Spondylolisthesis – a bone in the spine slips forward and out of place. The degenerative form is arthritis, which weakens the joints and ligaments keeping the spine aligned
Osteoarthritis – degenerative joint disease which occurs when cartilage breaks down
Scoliosis – curvature of the spine, pain typically starts mid life
Sciatica – acute pain from the sciatic nerve radiating to the buttocks, and sometimes the feet
Vertebral Column Treatments
Rest, Ice and Exercise – reduce pain and inflammation
Physical Therapy – may include massage, ultrasound, whirlpool baths, controlled applications of heat, and exercise programs to help regain full use of the back, strengthening both the abdominal and back muscles helps stabilize the spine
Chiropractor – realign spine
Inversion Therapy – reduce pressure on the discs
Pain medication – OTC and prescription medication
Epidural Steroid Injections – pain management and inflammation
Radiofrequency Neurotomy – pain management
Transcutaneous Electrical Nerve Stimulator (TENS) – mild electric current that helps relieve pain
Acupuncture – for chronic lower back pain
Surgical procedures – to correct disc problems, bone spurs and spinal canal narrowing
• Discectomy – removal of herniated portion of the disc
• Laminectomy – removal of bone to enlarge spinal canal
• Fusion – permanently connects two or more bones in the spine to add stability
• Artificial discs – implanted artificial disc to rep replace a degenerated disc
The Wrist, Hand and Finger Joints
Common Injuries of the Hand and Wrist
The Elbow Joint (Articulatio Cubiti)
Elbow Joint Function
The elbow joint is the synovial hinge joint between the humerus in the upper arm and the radius and ulna of the forearm which allows the hand to be moved toward and away from the body. The bone ends are covered with cartilage that allows the joints to slide easily against one another and absorb shock.
Ligaments hold the bones together to form the joint capsule, a synovial fluid filled sac that surrounds and lubricates the joint.
Tendons connect the elbow bones to the arm muscles
- The important ligaments of the elbow are the medial collateral ligament (on the inside of the elbow) and the lateral collateral ligament (on the outside of the elbow) that provide the main source of stability for the elbow.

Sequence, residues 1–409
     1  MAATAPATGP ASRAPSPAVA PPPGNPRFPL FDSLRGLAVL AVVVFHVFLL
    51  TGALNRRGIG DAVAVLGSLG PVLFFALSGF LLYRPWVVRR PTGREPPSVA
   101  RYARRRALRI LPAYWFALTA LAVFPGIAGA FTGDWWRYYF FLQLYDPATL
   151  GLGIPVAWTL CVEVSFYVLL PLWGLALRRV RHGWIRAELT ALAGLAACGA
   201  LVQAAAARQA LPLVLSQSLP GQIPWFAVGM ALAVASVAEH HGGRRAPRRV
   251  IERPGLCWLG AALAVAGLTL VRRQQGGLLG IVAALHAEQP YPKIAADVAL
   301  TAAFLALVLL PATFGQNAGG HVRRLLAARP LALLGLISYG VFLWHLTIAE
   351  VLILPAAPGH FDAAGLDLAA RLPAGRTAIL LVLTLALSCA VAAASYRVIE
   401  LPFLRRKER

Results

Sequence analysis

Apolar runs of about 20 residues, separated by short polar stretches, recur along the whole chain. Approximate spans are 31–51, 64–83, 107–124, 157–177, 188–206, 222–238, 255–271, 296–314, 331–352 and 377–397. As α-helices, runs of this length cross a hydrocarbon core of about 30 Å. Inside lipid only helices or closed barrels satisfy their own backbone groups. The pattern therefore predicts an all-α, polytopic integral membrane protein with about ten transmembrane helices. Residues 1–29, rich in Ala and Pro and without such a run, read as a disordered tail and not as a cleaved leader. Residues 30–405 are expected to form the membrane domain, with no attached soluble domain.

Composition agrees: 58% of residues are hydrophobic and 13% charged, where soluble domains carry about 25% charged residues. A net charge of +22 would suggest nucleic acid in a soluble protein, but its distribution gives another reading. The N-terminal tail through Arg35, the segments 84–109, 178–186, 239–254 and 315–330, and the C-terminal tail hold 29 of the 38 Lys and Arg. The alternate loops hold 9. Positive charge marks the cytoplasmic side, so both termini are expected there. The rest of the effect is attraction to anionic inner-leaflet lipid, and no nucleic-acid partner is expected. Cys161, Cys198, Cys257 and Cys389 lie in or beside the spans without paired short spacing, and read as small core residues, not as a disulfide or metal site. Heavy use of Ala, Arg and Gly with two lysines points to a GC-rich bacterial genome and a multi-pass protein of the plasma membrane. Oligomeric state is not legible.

- The triceps tendon attaches the triceps muscle on the back of the arm to the ulna
- The biceps tendon attaches the bicep muscle on the front of the arm to the radius
- Muscles from the forearm cross the elbow and attach to the humerus, on the outside of the arm just above the elbow with the lateral epicondyle and the inside of the arm just above the elbow with the medial epicondyle (most of the muscles that straighten the fingers and wrist). These are important tendons because they are common locations of tendonitis.
Common Injuries of the Elbow Joint
Elbow contractures (elbow stiffness) – commonly result from trauma/injury, often with ligament damage or fractures, limiting elbow movement and causing pain
Loose Bodies – fragments of bone and/or cartilage that break free within the joint, causing pain, popping and clicking and sometimes locking
Arthritis – primarily osteoarthritis leading to cartilage thinning and bone spur formation, which grow and begin to block movement leading to stiffness and pain
Lateral Epicondylitis (tennis elbow) – painful tendonitis of the group of muscles on the outer part of the elbow
Medial Epicondylitis (golfers elbow) - painful tendonitis of the group of muscles on the inside of the elbow
Osteochondritis Dissecans (OCD) – lack of blood supply to a region of the humerus bone called the capitellum
Dislocated Elbow – when one of the bones that forms the elbow gets knocked out of place
Strains and Sprains – stretching or tearing muscles (strain) and ligaments (sprain)
Bursitis – swelling of the synovial fluid sacs often caused by repeating the same motion
Rest and Ice – reduce pain and inflammation
Physiotherapy – help build strength, improve flexibility and prevent recurrence
Epicondylitis clasps – particularly useful for tennis elbow
Steroid Injections – reduce the pain and inflammation caused by arthritis, tennis elbow, or bursitis
Platelet-Rich Plasma Injections – to accelerate the healing, reduce pain and increase function in tennis elbow
Pain medication – OTC and prescription medication
Elbow Surgery – arthroscopic procedures to remove fragments or repair ligaments or tendons
Nutritional supplements – oral administration of joint supplements including hyaluronic acid and chondroitin
Muscle – Energy Systems